Lent Gets a 21st-Century Update
Religion News Service
March 2, 2011
(RNS) -- For Janis Galvin fasting for Lent has long meant saying no to candy for the 40 days before Easter. But when the season begins this year on March 9, it's apt to mean something more: walking when she'd rather drive, for instance, or turning the thermostat way down.
Galvin, an Episcopalian, will join with about 1,000 others who've signed up for the 2011 Ecumenical Lenten Carbon Fast, a daily regimen for reducing energy consumption and fighting global warming.
Lent is getting a makeover, especially in some Protestant traditions where it hasn't always drawn strong interest. The carbon fast is one of several initiatives aimed at reinvigorating Lent by linking themes of fasting and abstention to wider social causes. . . .
Fasting from anything is never an easy sell in a culture that values convenience, according to Jim Antal, who heads the Massachusetts Conference of the United Church of Christ.
But as a spiritual practice, he said, personal sacrifice can be a key driver in advancing larger movements.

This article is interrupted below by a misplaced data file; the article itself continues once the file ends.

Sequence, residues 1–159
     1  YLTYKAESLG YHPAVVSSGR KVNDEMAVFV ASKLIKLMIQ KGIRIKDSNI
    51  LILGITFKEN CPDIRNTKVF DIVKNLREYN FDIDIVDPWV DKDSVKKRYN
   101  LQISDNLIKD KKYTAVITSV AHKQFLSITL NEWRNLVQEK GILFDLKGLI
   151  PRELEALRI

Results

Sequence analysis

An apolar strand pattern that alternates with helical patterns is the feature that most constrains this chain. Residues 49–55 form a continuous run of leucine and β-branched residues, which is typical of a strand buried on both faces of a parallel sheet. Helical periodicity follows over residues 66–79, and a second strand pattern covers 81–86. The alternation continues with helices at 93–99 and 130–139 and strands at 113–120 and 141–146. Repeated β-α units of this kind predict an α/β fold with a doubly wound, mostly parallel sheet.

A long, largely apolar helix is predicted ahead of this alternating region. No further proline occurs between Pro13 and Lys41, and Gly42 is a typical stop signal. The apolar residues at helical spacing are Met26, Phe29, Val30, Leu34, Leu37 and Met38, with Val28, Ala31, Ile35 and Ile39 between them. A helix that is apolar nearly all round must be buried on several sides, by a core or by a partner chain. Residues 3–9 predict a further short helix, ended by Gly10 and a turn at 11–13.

"We're trying to deal with the mingling of individual Lenten disciplines with social change," said Antal, whose conference is spearheading the carbon fast. "And that is precisely what will save the Earth -- if individuals who begin to get it... begin to say, `Gosh, I need to change my life, and I need to become an activist."'
This sort of thing come up every year lately. It is the moral equivalent of a pile of the stuff that periodically falls out of the east end of a horse going west.
Whatever you might think of the church tradition of Lent, this nonsense has nothing to do with it. It is, rather, simply a rather transparent way of co-opting ‘church’ things for the purposes of radical, leftist political causes.
Speaking in the very broadest use of the term, I am surprised intelligent people take the ‘church’ seriously anymore. Salvation to these kinds of people means nothing more than ‘saving’ the earth from a harmless substance that is an integral part of the life-cycle as designed by God.
But there I go, talking about God ‘designing’ something. We can’t have that, our course. Instead, we have some idiot Episcopalian ‘turning the thermostat way down’ to ‘save the earth’ as a supposed act of worship.
There is so much of this kind of material piled here and there today in the religious landscape that it can be very difficult – as with that stuff that falls our of the west-bound house - not to step into it.